The diet of captive bred seahorses includes thawed, frozen mysis shrimp and/or zooplankton.  Frozen food can be enriched with supplements like Selcon.  Feed twice daily and supplement their diet with live foods at least once a week.  An attached pod refugium can be used to provide a constant supply of live pods.

 

Wild collected specimens require a well established aquarium with a healthy microfauna (pods and larvae) population.  In addition, they must be fed live foods, including pods (like Algagen PODS™ Tisbe), newly hatched baby brine shrimp and gut loaded baby brine shrimp.  Some specimens might eventually be able to be trained to take small varieties of frozen mysis shrimp, frozen prawn eggs, and zooplankton.

 

Dwarf Seahorse (Hippocampus zosterae) a.k.a. Seapony

Max Size: 2"

Minimum Tank Size: 5 gallons

Care level: Difficult

Temperament: Peaceful

Reef Compatible: No

Origin: Caribbean

Species Notes: Does best in a smaller aquarium (which helps concentrate food), in groups of 6 or more.  Keep a continuous supply of newly hatched baby brine shrimp, copepods, and larvae.  A sponge filter works pretty wells in this environment.  Keep in a species specific tank without stinging corals, anemones, crabs, and shrimp.

Hippocampus_zosterae_1.jpg

 

Barbouri Seahorse (Hippocampus barbouri)

Max Size: 6"

Minimum Tank Size: 15 gallons

Care level: Difficult

Temperament: Peaceful

Reef Compatible: Yes

Origin: Western Pacific

Hippocampus_barbouri_01.JPG

 

Half-Spined Seahorse (Hippocampus semispinosus)

Max Size: 7"

Minimum Tank Size: 15 gallons

Care level: Difficult

Temperament: Peaceful

Reef Compatible: Yes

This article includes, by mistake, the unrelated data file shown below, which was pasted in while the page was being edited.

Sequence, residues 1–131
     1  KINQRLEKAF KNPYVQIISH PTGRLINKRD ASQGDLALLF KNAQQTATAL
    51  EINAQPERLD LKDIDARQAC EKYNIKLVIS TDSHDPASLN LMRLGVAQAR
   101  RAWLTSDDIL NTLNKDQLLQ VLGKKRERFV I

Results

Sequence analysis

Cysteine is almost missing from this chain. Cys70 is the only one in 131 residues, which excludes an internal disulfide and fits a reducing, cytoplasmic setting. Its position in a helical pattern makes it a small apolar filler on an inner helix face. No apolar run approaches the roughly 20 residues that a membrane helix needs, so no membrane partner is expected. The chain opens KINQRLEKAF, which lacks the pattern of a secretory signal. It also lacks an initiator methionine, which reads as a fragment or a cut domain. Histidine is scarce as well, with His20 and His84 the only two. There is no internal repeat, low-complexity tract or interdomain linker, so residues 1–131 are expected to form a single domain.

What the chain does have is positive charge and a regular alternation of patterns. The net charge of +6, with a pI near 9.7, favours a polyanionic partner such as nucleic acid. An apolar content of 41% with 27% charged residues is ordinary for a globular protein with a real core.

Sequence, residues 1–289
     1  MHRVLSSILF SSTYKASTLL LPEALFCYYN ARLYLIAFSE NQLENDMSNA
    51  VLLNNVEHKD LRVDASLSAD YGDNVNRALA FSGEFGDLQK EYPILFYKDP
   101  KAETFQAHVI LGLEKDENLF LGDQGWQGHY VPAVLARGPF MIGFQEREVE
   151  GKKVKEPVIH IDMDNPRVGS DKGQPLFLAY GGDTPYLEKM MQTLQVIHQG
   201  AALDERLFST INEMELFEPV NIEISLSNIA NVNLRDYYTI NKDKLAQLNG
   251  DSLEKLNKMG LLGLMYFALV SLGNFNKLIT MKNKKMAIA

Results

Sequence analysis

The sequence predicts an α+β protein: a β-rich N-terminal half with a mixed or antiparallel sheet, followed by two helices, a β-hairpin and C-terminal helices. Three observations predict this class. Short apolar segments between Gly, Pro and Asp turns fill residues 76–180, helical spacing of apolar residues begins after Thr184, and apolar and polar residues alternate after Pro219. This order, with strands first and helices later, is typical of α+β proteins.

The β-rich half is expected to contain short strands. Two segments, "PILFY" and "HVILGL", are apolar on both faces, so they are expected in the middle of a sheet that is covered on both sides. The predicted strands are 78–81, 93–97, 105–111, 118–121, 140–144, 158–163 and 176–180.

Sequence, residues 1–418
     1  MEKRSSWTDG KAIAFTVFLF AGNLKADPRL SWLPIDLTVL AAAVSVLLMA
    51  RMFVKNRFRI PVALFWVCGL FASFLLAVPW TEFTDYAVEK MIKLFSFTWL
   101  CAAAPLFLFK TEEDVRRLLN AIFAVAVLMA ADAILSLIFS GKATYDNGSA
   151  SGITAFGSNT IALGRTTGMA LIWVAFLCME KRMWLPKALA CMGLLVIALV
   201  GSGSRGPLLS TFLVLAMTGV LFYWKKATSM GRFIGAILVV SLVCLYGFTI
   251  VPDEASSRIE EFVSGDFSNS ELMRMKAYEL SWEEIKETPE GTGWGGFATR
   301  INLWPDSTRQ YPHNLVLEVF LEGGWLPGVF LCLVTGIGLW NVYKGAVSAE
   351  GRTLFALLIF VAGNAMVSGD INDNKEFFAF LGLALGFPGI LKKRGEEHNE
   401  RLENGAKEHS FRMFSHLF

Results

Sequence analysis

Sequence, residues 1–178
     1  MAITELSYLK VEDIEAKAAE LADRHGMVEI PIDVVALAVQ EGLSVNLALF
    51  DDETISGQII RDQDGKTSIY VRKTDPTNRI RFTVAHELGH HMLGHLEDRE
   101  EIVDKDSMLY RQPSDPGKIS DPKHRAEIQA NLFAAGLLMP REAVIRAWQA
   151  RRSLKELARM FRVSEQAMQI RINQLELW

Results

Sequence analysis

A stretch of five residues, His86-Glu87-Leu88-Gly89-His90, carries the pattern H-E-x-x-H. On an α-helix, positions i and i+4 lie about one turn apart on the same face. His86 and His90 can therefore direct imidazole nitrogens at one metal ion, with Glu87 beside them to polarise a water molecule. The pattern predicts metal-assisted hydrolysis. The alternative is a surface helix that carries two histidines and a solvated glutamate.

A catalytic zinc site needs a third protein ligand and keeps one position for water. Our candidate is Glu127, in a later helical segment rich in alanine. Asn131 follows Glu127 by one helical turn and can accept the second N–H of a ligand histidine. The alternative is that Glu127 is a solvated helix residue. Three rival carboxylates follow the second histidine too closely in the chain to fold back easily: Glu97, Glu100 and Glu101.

Origin: Australia, Bali

 

Kuda Seahorse (Hippocampus kuda)

Max Size: 7"

Minimum Tank Size: 15 gallons

Care level: Difficult

Temperament: Peaceful

Reef Compatible: Yes

Origin: Indo-Pacific

Hippocampus_kuda_(Yellow_estuary_seahorse).jpg

 

Reidi Seahorse (Hippocampus reidi)

Max Size: 7"

Minimum Tank Size: 15 gallons

Care level: Difficult

Temperament: Peaceful

Reef Compatible: Yes

Origin: Western Atlantic, Brazil

Hippocampus_reidi,_pareja.jpg

 

Thorny Seahorse (Hippocampus histrix)

Max Size: 7"

Minimum Tank Size: 40 gallons

Care level: Difficult

Temperament: Peaceful

Reef Compatible: Yes

Origin: Indo-Pacific, Hawaii

Hippocampus_hystrix_(Spiny_seahorse).jpg

 

Lined Seahorse (Hippocampus erectus)

Max Size: 7.5"

Minimum Tank Size: 15 gallons

Care level: Moderate to Difficult

Temperament: Peaceful

Reef Compatible: Yes

Origin: Western Atlantic

Lined_Seahorse_straight_tail.jpg

 

Tigertail Seahorse (Hippocampus comes)

Max Size: 8"

Minimum Tank Size: 15 gallons

Care level: Difficult

Temperament: Peaceful

Reef Compatible: Yes

Origin: Indo Pacific

Hippocampus-comes-1.jpg

 

Ingen's Seahorse (Hippocampus ingens)

Max Size: 10"

Minimum Tank Size: 45 gallons

Care level: Difficult

Temperament: Peaceful

Reef Compatible: Yes

Origin: Pacific Ocean

Species Notes: A subtropical species, keep between 68°F and 75°F.

Hippocampus_ingens,_Monterey.jpg

 

Pot Belly Seahorse (Hippocampus abdominalis)

Max Size: 14"

Minimum Tank Size: 60 gallons

Care level: Difficult

Temperament: Peaceful

Reef Compatible: Yes

Origin: Western Pacific, Australia

Species Notes: A temperate species, keep between 64°F and 71°F.

Hippocampus_abdominalis.jpg

 

Photos by image.png.764b7df6a2818ad7ca0b4ddd2d888742.png

 

Saltwater Fish Index

 

Edited by seabass